Today’s the day of another release in the Song of Britain saga – Book 5, “The Wrath of the Iutes” !
The long way back just got longer….
They were supposed to return home as heroes, basking in the glory and plunder of the victory at Trever… But fate decided otherwise for Octa and his band of Iutes. Chasing after Ursula’s captor, the renegade Haesta, they venture deep into the unfamiliar land of Armorica, where they unexpectedly discover an old ally seeking their help against a threat of invasion…
On their quest to help defend Britannia Prima, a province still ruled by the remnants of the old Roman power, Octa and his warriors will meet new friends, face new enemies and discover ancient mysteries, in this long-awaited second chapter of the Song of Octa: The Wrath of the Iutes.
It’s an unusual publishing move, so I decided instead of the usual press blurb, I’ll do a short FAQ post explaining why you should preorder this if you’ve also preordered The Wrath of the Iutes – or read (and enjoyed) any of my books in the series.
Is it a standalone novella?
Not really – it’s best read after the Wrath, as it concerns the fates of characters we first meet in this volume. I tried my best to make it a standalone if somebody insists on reading it out of order, but at best you’ll have spoilers for the previous book – and at worst, you won’t have a clue what’s going on.
Why novella, rather than part of the novel?
Because it’s not quite a part of Octa’s story, at least not as I want to tell it. Though told through Octa’s eyes, and though he and Ursula play active parts in the plot, it’s the conclusion of the stories of the characters he meets in the Wrath, and attaching it at either the end of Book 2 or the beginning of Book 3 would feel out of place. It also serves as a chronological stepping stone between the two volumes – the gap between the Wrath and the Crown is almost eight years, and there’s a story within that gap that needed to be told.
Isn’t it just a money-grabbing ploy?
Quite the opposite. The novella is 40,000 words long – a third of my usual novel length. Editing, proofreading and formatting of a text this long costs money. Adding it to one of the other books would increase their price accordingly. But because I don’t feel this is an essential part of Octa’s story, I wouldn’t feel right forcing the reader to pay for it. This way, everyone gets a choice.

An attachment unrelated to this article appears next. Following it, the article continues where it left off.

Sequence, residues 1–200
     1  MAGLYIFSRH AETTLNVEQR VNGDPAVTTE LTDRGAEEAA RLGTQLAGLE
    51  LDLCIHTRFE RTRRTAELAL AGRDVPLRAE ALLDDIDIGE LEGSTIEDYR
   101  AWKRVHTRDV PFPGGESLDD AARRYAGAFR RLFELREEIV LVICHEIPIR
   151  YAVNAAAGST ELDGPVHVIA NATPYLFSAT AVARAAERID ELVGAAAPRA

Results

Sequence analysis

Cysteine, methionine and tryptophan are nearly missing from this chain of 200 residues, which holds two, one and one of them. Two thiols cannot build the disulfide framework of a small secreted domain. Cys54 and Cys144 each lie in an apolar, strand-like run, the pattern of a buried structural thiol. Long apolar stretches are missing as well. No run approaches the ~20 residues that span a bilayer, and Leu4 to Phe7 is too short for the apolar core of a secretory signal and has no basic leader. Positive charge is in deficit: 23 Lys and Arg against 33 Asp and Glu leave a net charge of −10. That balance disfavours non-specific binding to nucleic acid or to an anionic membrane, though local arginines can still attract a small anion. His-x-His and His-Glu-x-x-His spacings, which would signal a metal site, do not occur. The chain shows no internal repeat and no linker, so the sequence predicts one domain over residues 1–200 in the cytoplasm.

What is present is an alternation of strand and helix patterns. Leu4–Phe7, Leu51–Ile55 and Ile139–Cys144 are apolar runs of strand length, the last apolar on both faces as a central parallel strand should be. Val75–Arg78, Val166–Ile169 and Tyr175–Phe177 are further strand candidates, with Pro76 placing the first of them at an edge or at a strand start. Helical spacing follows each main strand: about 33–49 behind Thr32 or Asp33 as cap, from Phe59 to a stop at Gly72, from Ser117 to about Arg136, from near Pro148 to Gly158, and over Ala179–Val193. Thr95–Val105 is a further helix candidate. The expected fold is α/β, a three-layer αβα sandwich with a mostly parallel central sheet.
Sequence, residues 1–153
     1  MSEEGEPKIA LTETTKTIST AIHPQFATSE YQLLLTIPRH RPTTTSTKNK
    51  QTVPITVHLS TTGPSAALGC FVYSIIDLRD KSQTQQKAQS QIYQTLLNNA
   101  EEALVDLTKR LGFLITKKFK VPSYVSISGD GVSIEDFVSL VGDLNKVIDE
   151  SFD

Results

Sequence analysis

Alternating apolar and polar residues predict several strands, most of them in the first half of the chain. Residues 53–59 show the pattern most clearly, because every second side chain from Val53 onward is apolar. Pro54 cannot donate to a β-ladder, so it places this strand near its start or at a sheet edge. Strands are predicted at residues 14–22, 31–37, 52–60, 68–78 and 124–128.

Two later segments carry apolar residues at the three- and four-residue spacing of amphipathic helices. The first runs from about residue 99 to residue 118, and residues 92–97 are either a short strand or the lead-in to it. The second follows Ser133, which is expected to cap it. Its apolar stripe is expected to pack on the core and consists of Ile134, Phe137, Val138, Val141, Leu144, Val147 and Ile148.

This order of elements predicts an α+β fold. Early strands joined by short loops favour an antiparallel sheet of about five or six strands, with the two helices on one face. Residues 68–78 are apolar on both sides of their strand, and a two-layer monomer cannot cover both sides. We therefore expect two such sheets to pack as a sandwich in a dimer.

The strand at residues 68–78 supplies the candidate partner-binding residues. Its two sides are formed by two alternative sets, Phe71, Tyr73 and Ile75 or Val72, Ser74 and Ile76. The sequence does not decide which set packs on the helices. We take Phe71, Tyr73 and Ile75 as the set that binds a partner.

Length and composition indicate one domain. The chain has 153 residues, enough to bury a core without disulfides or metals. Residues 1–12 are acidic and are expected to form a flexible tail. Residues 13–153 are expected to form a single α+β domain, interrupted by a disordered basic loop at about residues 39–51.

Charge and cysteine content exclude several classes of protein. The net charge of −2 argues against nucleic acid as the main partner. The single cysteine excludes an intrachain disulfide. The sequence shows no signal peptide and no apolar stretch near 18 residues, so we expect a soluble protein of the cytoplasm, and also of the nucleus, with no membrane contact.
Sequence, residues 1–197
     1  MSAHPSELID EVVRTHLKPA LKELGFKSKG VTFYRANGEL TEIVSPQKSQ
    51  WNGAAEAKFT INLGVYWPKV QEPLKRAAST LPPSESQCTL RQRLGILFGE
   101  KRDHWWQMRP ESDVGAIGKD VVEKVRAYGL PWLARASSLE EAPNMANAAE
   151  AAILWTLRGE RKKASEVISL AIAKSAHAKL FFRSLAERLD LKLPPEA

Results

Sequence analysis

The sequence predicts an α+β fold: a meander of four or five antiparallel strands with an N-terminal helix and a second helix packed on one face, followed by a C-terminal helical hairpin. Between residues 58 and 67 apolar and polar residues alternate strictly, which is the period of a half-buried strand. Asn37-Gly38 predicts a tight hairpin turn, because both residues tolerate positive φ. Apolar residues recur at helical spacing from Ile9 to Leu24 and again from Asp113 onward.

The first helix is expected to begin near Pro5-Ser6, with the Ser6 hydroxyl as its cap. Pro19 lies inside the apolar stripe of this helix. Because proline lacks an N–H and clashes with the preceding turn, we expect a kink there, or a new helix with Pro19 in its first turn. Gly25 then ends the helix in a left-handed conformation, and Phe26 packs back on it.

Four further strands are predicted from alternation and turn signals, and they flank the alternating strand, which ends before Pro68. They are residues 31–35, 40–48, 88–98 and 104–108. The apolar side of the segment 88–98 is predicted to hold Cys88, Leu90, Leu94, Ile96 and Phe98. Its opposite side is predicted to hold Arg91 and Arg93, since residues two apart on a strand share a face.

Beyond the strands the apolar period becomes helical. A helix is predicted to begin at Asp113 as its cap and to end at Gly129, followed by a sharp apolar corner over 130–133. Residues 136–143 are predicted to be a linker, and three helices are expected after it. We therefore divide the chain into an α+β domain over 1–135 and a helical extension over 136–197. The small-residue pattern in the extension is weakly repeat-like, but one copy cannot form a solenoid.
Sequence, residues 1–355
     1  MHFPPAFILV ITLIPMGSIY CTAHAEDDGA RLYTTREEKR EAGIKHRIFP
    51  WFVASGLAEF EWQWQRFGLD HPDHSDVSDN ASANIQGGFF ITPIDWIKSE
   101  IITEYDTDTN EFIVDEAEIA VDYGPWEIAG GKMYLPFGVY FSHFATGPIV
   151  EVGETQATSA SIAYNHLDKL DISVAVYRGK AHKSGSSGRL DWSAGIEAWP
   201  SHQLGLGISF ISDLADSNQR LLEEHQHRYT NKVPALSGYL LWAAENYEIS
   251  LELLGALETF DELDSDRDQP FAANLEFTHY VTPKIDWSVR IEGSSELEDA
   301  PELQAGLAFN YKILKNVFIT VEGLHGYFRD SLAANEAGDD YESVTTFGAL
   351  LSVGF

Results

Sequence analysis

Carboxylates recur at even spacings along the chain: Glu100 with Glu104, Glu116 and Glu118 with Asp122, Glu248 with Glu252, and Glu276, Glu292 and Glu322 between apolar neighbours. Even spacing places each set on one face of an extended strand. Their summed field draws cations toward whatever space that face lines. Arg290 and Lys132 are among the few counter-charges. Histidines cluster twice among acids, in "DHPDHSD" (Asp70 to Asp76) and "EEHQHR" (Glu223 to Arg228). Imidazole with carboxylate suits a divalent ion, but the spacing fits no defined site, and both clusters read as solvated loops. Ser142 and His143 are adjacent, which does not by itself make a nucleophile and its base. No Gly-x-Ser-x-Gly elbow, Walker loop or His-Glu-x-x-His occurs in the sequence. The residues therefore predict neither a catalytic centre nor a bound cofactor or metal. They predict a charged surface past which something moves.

What’s it really about?
At the most basic level, it’s a retelling of the ancient Breton legend of the Sunken City of Ys – though it’s as distant from that tale as the Song of Ash was from the real legends of Vortigern, Hengist and Horsa. It’s set in the years 461-462 AD, takes place almost entirely in Armorica, and introduces the new enemy who will become a much greater threat in “The Crown of Iutes” – the Goths of Tolosa. That’s as much as I can say without spoilers.
Should I buy it?
Yes! Not only is it as fun and exciting as my full length novels, it also features a certain important event in Octa’s and Ursula’s lives – you may want to read it just for this. And it’s only 99p!
It’s December 15th 2020, which means it’s the release date for the Blood of the Iutes! Those of you who preordered the ebook, should already have it on your Kindles by now, or later today. Everyone else can just buy it as normal – or opt for a neat paperback version!
The Blood of the Iutes is the first installment in the new Song of Octa trilogy, but it’s also the fourth volume of the Song of Britain series, following the conclusion of the Song of Ash trilogy.
If you want to start following the story from the beginning, then heads-up: the Saxon Spears will be available for 99p/99c on a Countdown Deal on December 22nd!
I’m all but done with the first draft of the new book – should be another week or so. The Blood of Iutes is the first volume in the new Song of Octa trilogy, and the fourth in the overall saga of post-roman Britannia (I haven’t decided on the name yet!).
The story picks up some five years after the end of The Saxon Might, and focuses on a certain young man called Octa – no spoilers for those who haven’t read the previous books! (although if you know your early history of the Kingdom of Kent, you may have had some spoilers already…)
Soon, the preorder should go up on Amazon, but before then, here’s a peak at the cover: